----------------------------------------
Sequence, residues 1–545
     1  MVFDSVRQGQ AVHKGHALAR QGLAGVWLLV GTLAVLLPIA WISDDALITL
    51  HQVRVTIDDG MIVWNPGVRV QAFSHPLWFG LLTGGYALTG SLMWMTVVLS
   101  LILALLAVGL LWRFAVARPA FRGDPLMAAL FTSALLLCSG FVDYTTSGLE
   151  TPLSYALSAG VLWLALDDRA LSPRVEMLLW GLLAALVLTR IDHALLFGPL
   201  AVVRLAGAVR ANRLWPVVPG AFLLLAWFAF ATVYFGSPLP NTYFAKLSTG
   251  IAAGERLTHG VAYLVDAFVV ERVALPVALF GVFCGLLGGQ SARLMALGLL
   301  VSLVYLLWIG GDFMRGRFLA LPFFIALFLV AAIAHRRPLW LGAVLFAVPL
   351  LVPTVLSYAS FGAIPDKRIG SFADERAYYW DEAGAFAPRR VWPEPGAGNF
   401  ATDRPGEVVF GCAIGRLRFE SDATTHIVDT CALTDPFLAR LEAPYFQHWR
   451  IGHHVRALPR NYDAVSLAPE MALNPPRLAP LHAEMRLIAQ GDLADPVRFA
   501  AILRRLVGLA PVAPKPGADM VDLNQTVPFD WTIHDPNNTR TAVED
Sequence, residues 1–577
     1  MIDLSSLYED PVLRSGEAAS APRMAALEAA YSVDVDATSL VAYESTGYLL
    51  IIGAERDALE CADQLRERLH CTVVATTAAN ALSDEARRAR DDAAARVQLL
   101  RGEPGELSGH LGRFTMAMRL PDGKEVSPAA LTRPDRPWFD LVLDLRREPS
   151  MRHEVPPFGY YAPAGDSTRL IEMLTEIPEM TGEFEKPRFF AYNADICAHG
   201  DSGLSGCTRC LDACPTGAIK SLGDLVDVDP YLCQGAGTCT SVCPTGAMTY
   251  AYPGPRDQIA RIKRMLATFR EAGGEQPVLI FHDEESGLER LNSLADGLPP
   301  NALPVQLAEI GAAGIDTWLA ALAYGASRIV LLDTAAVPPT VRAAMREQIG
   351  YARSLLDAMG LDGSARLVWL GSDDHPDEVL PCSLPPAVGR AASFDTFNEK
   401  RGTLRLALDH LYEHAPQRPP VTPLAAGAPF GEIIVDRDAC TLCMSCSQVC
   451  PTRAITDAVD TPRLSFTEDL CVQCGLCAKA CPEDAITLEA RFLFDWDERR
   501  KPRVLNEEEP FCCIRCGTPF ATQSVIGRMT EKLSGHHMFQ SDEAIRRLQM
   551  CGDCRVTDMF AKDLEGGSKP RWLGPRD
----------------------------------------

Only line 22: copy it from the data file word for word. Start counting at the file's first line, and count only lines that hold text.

   401  RGTLRLALDH LYEHAPQRPP VTPLAAGAPF GEIIVDRDAC TLCMSCSQVC